There will be a change to income tax in the United Kingdom from the 6th of April 2017 and the first point of interest falls on the personal allowance. This is the amount of money you can earn each year before you have to start paying tax. Up until now, this figure has been set at £11,000 but as of the 6th of April, the figure rises to £11,500. £500 over the course of a year may not seem like a big deal to a lot of people but there will be many people who are positively impacted on this.

First of all, it will mean thousands of people in the United Kingdom do not have to pay any tax at all, which will hopefully help people to make more of their life. There is also a hope that more than 20 million will be able to save £100 a year. Again, there will be some people who say that in the grand scheme of things, £100 isn’t a lot but the best way to look at the situation is to ask yourself would you prefer to have £100 or would you rather give it to the Government? The vast majority of people would much prefer to have that cash in their own bank account or pocket so you can see why this is something that would be a lot more attractive for many people in the country.

Tax changes are on their way

There is also a slight change to the higher rate of tax. This is the rate where people pay 40% in taxes and the starting point moves to £45,000 when it used to be £43,000. This will save the people affected by this change £400 a year, and again, that is always going to be of benefit. This is a change that is not being implemented in Scotland, with the higher rate threshold being frozen at £43,000. With there being so many talking points about Scotland and England these days, it is not likely that this will add much fire to the debate but it is always something to bear in mind.

Another big change when it comes to money in the United Kingdom will be seen with the fact that people aged 25 or older and who are on the National Living Wage will see a rise in the money they receive. This change takes place on the 1st of April and there is a 4% rise on offer for these people, with the NLW rising from £7.20 an hour to £7.50 an hour.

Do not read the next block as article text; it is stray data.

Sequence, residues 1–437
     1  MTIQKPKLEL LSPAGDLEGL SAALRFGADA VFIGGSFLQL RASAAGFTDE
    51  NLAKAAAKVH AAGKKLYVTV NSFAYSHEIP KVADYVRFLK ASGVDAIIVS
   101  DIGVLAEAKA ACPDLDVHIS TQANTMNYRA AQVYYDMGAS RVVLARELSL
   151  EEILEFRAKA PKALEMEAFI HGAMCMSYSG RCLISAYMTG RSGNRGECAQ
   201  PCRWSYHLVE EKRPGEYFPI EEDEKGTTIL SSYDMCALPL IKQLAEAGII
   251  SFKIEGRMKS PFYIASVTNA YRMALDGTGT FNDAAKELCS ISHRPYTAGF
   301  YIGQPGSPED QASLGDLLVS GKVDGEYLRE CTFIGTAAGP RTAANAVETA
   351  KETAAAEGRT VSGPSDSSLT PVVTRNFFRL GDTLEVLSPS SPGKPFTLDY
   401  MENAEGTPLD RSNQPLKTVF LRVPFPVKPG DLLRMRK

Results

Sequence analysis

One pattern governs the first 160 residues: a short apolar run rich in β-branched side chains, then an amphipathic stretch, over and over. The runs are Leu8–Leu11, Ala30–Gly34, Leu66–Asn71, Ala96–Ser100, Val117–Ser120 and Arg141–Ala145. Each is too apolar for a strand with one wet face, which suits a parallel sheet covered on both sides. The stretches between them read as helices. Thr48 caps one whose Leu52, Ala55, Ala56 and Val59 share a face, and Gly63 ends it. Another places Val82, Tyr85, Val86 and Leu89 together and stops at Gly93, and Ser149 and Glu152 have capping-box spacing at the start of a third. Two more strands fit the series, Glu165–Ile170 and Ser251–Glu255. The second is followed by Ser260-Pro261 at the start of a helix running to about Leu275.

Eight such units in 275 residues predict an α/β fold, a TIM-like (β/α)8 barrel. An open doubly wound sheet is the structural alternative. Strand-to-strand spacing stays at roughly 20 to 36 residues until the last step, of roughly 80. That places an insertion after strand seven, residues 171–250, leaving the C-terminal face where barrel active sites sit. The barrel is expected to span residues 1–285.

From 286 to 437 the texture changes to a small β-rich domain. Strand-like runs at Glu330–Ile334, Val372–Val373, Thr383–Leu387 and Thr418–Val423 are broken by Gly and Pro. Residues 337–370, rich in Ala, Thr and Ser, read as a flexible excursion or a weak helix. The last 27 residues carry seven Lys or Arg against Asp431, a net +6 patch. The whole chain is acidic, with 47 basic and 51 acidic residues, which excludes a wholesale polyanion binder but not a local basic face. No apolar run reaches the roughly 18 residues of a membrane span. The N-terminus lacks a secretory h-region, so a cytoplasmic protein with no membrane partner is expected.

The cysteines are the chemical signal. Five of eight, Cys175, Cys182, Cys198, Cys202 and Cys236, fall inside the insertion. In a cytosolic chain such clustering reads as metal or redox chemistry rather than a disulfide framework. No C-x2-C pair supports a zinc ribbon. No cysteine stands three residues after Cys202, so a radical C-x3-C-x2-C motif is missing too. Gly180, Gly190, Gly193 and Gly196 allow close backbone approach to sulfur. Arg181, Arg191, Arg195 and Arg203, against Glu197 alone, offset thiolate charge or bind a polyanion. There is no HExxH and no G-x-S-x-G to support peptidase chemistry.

This is good news for these people but younger people, who are aged between 21 and 24, will only receive a rise of 1.4% for their National Minimum Wage. This is a concern because this is a rise that is lower than the CPI inflation rate, which currently stands at 2.3%. Other levels that come into effect at this time of year are the National Minimum Wage for people aged between 18 and 20, with this figure standing at £5.60 an hour and for people under the age of 18, the National Minimum Wage will be pegged at £4.05 an hour. There is also the National Minimum Wage for apprentices and this will be set at £3.50 an hour.

Improve your savings

Another change that is coming into effect from the 6th of April is the Lifetime ISA, which is being dubbed Lisa. This Lisa is only open to people who are 40 years and under, and people over that age will not be allowed to open an account. This is a scheme that has been set up for people who are looking to buy property at some point in the future or who are starting to think about retirement income.

The benefit in this scheme comes from the fact that the Government will add a 25% bonus to the savings after a year, with the maximum boost being £1,000. Any time you can receive a helping hand when it comes to finances has to be seen as a positive thing, and this is definitely something that people should take an interest in. Being able to save for the future may sound very far off for a lot of people but if you don’t start to make changes that will help you in years to come, you may regret it.

That is why this sort of assistance is always going to be of benefit to people.

Andrew Reilly is a freelance writer with a focus on news stories and consumer interest articles. He has been writing professionally for 9 years but has been writing for as long as he can care to remember. When Andrew isn’t sat behind a laptop or researching a story, he will be found watching a gig or a game of football.

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